Aggression and Alzheimer's - Are Men More Aggressive?

Posted 4 years ago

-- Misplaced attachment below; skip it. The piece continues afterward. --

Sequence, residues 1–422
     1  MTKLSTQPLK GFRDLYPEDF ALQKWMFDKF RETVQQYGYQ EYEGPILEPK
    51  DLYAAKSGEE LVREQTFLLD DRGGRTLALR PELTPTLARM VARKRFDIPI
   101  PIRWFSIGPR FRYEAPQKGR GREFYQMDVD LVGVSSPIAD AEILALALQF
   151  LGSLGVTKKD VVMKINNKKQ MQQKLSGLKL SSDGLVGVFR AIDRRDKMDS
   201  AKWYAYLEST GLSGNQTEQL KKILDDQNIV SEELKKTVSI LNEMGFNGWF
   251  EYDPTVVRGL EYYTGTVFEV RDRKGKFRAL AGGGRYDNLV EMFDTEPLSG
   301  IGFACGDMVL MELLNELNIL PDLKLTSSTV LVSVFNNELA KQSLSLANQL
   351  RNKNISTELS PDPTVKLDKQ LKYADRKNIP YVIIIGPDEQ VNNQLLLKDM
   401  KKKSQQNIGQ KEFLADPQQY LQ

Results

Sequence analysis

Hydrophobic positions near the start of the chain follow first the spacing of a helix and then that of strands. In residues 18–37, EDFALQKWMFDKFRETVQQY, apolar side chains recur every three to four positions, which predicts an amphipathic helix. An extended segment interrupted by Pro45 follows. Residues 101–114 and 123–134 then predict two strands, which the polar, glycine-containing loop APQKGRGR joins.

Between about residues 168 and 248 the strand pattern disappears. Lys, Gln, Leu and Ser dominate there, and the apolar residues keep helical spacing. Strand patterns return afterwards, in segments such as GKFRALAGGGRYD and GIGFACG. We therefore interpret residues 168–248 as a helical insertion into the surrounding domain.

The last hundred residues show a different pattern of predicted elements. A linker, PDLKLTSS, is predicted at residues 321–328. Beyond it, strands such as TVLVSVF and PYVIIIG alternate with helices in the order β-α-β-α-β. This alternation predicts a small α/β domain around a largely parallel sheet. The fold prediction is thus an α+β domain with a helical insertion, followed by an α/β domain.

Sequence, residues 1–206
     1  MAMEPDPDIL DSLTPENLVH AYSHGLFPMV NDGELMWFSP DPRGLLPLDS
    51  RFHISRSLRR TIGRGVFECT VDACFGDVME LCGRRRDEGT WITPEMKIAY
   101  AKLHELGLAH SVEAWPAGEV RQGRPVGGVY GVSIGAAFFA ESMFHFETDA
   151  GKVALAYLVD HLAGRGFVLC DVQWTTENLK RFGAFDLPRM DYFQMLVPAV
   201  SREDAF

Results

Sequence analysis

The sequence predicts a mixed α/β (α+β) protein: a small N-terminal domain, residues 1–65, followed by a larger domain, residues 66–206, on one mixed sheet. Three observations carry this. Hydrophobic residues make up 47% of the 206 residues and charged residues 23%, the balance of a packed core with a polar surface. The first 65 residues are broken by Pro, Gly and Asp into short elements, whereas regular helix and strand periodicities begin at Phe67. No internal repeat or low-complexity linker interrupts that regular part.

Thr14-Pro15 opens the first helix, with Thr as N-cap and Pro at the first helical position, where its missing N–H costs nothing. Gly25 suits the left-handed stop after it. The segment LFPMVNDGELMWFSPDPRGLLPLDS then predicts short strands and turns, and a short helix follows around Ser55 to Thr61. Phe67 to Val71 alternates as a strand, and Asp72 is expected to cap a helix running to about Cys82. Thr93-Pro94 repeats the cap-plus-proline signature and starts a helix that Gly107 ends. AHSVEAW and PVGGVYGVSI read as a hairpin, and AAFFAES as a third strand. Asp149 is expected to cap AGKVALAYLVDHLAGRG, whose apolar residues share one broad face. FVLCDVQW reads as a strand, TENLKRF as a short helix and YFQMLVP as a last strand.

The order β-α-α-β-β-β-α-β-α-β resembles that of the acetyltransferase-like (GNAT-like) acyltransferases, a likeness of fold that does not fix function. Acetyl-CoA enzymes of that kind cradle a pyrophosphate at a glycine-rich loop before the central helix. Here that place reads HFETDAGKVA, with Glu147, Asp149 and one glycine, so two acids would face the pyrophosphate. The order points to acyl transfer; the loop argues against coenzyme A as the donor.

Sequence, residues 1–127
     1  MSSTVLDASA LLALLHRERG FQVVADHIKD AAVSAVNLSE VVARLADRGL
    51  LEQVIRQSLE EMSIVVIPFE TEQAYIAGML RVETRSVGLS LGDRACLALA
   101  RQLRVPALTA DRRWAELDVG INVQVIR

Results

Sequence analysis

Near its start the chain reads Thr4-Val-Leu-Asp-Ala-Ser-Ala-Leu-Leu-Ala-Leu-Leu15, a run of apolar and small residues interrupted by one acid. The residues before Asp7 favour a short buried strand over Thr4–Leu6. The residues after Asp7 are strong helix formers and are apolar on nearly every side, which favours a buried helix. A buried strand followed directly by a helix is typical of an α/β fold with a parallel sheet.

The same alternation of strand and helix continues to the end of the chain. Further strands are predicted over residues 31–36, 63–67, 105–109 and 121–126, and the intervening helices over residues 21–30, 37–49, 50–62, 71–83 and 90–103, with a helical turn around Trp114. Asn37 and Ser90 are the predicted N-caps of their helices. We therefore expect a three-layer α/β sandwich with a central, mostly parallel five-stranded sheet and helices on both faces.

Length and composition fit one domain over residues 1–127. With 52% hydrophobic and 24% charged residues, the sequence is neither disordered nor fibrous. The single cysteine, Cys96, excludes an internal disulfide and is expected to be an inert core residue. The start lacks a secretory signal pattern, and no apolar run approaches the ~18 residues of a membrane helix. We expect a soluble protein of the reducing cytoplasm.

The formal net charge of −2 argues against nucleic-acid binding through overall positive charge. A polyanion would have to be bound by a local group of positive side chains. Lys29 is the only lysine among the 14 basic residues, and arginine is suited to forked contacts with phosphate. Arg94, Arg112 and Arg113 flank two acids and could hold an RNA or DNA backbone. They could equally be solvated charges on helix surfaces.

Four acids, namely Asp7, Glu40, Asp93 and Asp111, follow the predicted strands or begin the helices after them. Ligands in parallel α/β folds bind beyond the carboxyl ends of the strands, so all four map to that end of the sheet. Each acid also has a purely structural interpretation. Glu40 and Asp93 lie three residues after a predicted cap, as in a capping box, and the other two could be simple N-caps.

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Unfortunately, there are times when aggression and Alzheimer's go hand-in-hand with seniors. The reasons for Alzheimer's are not fully known, but hypothesis suggests that it may be caused due to a decreased production of acetylcholine, and formation of plaque in the brain, which damages nerve cells. Genetic factors might also cause the disease. The Centers for Disease Control and Prevention lists Alzheimer's disease as the sixth leading cause of death in the United States. It is estimated that between 5 and 10 percent of all seniors with Alzheimer's will suffer from aggressive behavior. Although women are more likely to have Alzheimer's than men, it is men who are the most aggressive. How Alzheimer's Disease Affects Men and Women Although, Alzheimer's affects women at an earlier rate, the disease attacks men much more aggressively. It also tends to affect different parts of the brain in men and women, according to the Radiological Society of North America. Slapping, cursing, kicking and verbal abuse are all common signs of aggressive behavior in Alzheimer's patients. What makes these actions tough for family members is that this is not the way their loved ones behaved in the past. Violent behavior is probably the number one reason that families place their senior loved ones in nursing homes or other care facilities. One symptom that surprises experts is the level of sexual aggression shown by seniors with Alzheimer's. What to Do When Alzheimer's Sufferers Become Aggressive Remain Calm - Aggressive types of behavior are not uncommon with elderly Alzheimer's patients. Caregivers need to remain calm and gentle. Take into consideration that this is the same family member that you have loved so many years. The problem is that their brain is not functioning properly. Remove Possible Dangerous Objects - You will want to find and hide anything that your loved one might later use as a weapon, or throw. At the same time, you might want to make sure you have a safe route to another room, or that you can move out of range of any objects that your loved one might throw. Control Verbal Outbursts - Some Alzheimer's sufferers have patterns that they demonstrate before major outbursts. If this is the case with your loved one, try to predict when you think they might not be in a good mood, or that a verbal outburst is about to happen. Get Medication - Your loved one's doctor might decide that it is time to start medication, or it might also be time for higher doses of the same, or a newer medication might be required. Seek Additional Help - There may come a day when you feel you cannot help your senior loved one anymore. If it ever gets to that point, it will be terribly difficult to turn over the responsibilities to someone else. However, for the safety and health of your loved one, it might be the only option. Aggression and Alzheimer's - Conclusion The families of Alzheimer's sufferers should be more understanding, and should provide moral support. Since men with Alzheimer's can be more aggressive, extra care is needed to reduce irritability. ---------------------------------------------------- Yes, men and women seem to be wired differently when it comes to cognitive related disorders. Get the latest on aggression and Alzheimer's by visiting ============>>> Applewood Our House. http://www.applewoodourhouse.com

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